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RN-to- BSN has 6 years experience as a ADN, RN and specializes in SCRN.

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Inpatient nurses are frontline. Endo, surgical, cath lab nurses - probably not, but debatable, because what if there is an emergency requiring a procedure on COVID-19 patient?

Nursing home workers are also frontline.

Any nurse who potentially can be exposed to a COVID-19 patient is frontline. I am sure we treated some symptom-less patients that were "under the radar".

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Rose_Queen has 15 years experience as a BSN, MSN, RN and specializes in OR, education.

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1 hour ago, RN-to- BSN said:

Endo, surgical, cath lab nurses - probably not, but debatable, because what if there is an emergency requiring a procedure on COVID-19 patient?

Trust me, procedural areas are caring for these patients too. Some need bronched, some need trached and PEGed, some need hemodialysis catheters placed. These procedures are not taking place at the bedside in my facility- they are happening in the OR and endo suites.

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58 Posts; 892 Profile Views

I feel every nurse is a frontline worker that works in direct patient care. 

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483 Posts; 6,735 Profile Views

There are so many asymptomatic people out there that if you're caring for patients, you're frontline.

We have had numerous patients on the COVID units who come in for completely non-respiratory issues who then test positive for COVID.  Often they come from nursing homes or other group homes, so obviously the nurses and aides there were exposed, too.  Last week I discharged a 98-year-old with advanced dementia who never even required O2 inpatient, but I'm sure she exposed plenty of people at her facility before testing positive.  

At my hospital, I think the nurses on the "clean" (I.e. non-COVID) floors have had more accidental exposures from people who only later tested positive.  It's gotten to the point that now those nurses and aides are allowed to wear N95 masks, whereas they were previously only allotted regular surgical masks.  I think I feel safer on the COVID units because we have the full PPE for all patient interactions.

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I was wondering the same! Now they are using different language.."eligible". WE ARE ALL AT RISK! They redeployed my from my LTC floor to a specific covid unit, now back to the LTC floor. Sometimes I walk into my unit, and they redeploy me to another. I was redeployed to a tele floor last night, and half the patients we suspected Covid. If I'm not considered "eligible" I will lose my mind!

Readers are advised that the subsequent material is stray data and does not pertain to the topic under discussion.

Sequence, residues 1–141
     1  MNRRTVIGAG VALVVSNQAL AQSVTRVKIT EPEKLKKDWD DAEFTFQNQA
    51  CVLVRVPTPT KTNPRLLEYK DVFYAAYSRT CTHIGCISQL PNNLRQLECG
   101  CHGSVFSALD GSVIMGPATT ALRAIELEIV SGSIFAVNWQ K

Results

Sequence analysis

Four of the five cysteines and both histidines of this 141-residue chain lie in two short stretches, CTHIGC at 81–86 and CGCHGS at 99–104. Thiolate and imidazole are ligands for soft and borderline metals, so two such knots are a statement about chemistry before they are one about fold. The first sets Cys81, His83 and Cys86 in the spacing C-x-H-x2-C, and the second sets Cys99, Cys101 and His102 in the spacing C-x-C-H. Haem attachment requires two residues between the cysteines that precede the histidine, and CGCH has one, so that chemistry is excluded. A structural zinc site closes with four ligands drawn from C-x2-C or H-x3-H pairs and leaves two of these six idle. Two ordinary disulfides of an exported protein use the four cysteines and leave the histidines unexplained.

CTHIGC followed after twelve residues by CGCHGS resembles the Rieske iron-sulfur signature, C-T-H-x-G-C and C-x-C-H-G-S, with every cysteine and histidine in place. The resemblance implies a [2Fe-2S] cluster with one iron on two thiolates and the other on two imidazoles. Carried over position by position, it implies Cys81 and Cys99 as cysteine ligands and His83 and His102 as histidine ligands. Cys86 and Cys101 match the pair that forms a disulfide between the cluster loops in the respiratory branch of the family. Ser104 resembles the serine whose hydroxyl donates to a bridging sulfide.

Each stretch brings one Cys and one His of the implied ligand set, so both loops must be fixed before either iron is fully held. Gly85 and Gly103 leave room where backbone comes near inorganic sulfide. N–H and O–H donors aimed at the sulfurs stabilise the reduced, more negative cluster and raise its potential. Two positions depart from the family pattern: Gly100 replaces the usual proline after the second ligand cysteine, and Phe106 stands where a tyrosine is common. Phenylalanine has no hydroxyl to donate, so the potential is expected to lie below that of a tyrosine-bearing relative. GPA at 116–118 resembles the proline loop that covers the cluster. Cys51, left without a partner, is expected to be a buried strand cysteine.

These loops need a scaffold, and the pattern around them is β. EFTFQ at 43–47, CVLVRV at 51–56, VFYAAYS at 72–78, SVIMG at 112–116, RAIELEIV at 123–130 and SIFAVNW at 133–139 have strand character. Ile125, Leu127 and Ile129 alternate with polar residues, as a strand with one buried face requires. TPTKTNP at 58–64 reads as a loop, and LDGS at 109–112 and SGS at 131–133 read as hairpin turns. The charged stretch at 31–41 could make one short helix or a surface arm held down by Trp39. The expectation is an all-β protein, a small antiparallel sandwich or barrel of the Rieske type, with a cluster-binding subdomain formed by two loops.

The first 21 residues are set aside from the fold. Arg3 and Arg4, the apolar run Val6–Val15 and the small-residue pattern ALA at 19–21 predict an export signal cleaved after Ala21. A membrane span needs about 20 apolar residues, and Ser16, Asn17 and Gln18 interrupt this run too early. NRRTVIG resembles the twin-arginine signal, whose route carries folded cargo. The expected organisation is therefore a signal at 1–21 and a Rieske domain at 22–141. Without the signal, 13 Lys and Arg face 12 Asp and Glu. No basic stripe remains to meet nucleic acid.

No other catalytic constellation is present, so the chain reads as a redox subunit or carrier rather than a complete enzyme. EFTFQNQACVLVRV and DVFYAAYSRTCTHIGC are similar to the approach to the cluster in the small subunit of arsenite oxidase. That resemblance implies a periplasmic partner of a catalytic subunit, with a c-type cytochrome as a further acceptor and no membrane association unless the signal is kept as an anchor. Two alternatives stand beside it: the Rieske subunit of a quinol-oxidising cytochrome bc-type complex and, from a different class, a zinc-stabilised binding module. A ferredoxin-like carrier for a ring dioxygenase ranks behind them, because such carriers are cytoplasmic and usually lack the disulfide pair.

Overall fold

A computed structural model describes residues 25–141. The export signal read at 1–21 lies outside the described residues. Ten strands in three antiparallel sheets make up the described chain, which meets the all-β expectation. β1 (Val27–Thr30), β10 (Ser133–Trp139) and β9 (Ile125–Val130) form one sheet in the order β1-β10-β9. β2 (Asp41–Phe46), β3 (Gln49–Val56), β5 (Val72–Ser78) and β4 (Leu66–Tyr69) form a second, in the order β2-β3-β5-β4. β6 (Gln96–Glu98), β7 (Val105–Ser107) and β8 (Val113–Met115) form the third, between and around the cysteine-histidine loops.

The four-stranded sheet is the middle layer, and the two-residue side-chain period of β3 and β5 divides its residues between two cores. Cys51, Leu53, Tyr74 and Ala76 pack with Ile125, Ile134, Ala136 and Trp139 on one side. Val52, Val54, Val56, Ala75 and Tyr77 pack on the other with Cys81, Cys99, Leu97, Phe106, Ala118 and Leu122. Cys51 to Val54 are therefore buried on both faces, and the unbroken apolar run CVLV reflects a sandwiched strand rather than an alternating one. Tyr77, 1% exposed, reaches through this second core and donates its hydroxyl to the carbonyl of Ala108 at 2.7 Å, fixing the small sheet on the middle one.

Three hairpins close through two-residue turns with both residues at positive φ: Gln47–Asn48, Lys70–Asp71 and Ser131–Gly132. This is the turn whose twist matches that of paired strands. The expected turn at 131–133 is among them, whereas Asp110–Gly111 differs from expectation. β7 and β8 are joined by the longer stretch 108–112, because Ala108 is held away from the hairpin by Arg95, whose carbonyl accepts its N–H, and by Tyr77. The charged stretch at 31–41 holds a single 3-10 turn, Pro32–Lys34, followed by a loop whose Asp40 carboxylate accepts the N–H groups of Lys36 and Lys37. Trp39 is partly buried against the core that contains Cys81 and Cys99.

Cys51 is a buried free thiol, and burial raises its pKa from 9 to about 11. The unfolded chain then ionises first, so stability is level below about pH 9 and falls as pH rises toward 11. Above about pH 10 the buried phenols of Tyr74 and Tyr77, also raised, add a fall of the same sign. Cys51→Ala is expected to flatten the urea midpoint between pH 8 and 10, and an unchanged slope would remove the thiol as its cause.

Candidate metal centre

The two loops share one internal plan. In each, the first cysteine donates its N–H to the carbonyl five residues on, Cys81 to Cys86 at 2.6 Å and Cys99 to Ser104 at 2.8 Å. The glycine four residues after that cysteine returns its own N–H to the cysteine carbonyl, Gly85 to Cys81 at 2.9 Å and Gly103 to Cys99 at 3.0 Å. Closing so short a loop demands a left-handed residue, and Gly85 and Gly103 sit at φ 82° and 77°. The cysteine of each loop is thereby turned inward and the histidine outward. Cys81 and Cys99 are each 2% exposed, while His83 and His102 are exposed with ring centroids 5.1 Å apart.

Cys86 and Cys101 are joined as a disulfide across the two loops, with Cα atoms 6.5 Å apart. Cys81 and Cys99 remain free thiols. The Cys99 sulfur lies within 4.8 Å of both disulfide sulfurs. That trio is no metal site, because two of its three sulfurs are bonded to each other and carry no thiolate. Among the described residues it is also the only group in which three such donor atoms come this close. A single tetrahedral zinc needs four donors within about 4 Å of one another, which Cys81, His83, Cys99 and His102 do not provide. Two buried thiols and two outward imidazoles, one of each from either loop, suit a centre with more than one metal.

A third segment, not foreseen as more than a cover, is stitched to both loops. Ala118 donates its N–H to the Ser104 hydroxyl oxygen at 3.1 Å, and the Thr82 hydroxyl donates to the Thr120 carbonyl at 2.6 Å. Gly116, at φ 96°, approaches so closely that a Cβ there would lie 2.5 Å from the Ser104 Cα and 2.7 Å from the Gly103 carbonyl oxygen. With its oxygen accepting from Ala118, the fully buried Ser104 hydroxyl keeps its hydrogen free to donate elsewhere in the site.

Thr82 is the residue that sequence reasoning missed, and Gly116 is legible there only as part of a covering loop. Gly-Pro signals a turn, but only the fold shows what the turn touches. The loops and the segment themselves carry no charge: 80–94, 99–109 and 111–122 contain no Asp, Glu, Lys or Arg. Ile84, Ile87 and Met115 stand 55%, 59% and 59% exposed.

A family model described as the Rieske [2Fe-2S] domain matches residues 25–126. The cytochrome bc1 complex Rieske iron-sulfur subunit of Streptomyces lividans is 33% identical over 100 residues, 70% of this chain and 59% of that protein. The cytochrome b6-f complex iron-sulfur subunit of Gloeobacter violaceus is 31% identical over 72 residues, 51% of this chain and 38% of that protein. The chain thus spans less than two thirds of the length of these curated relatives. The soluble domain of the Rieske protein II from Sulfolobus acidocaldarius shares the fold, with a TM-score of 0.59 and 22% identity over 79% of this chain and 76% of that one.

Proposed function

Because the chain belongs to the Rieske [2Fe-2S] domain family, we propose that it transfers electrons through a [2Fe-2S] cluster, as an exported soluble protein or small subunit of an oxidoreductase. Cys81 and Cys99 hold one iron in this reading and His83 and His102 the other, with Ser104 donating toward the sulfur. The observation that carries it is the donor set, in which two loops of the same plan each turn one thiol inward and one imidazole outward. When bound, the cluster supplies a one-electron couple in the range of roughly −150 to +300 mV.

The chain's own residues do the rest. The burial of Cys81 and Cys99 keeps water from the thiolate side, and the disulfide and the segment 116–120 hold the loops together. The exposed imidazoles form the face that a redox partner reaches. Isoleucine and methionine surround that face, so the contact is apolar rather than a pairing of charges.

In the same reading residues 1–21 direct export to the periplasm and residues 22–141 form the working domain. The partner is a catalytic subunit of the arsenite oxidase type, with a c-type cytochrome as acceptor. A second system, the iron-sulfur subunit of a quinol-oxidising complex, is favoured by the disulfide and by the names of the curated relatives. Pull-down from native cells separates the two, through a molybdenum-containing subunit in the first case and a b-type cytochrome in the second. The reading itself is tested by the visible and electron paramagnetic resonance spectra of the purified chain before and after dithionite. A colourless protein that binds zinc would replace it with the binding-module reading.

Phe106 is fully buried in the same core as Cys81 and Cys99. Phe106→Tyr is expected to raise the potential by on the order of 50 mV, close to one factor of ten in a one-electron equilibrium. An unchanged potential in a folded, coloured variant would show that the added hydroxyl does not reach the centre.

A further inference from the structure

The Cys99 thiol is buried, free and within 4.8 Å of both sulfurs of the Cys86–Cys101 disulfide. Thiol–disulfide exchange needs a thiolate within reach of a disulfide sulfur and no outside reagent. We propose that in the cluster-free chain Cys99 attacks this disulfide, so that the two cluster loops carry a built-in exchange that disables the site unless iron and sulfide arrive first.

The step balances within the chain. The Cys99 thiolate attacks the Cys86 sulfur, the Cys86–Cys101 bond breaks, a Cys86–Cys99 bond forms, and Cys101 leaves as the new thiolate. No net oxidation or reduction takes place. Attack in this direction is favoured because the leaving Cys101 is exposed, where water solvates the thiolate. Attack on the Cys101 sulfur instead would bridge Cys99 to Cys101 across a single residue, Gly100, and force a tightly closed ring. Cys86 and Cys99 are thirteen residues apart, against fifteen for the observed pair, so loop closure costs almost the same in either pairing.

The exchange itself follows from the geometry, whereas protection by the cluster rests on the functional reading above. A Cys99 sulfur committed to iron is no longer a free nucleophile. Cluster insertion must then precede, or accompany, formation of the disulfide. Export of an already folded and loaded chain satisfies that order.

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brandy1017 is a ASN, RN and specializes in Critical Care.

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On 5/7/2020 at 5:25 PM, PrevHealthNurse said:

OK, so I am one of those with over 200K (don't ask -- OK, two masters in different fields!) anyway, I did some digging (pre COVID-19) about student loan forgiveness -- the good news is that eventually after paying for 10 years (for working at a public entity loan forgiveness) 20-25 years for private entity. The hook is this these are federal loans -- what is "forgiven" is in that one year let's say 10 years from now, if I still owe say $150,000 -- it is considered forgiven BUT (and this is a big BUT) it is considered INCOME in that year and guess who gets that INCOME TAX -- the FEDERAL GOVERNMENT, so it's forgiveness (sort of) -- they get their money -- don't you worry about those in Power -- they know exactly what they are doing and all these laws for benefiting the common folk -- it's like pulling teeth because of the greed. It's plain and simple. If you don't believe me call them and ask them what happens -- it took me several years to finally get a straight answer. I do think something will have to be done. All people deemed "essential workers" need something akin to the G.I. bill after WW2 (we already have more USA deaths than during Vietnam War).

I wouldn't put much faith in the public loan forgiveness as of the first people eligible this past year, 99% were denied!  I kid you not!  The majority on technicalities and the solution was to restart the clock over again! 

 

Edited by brandy1017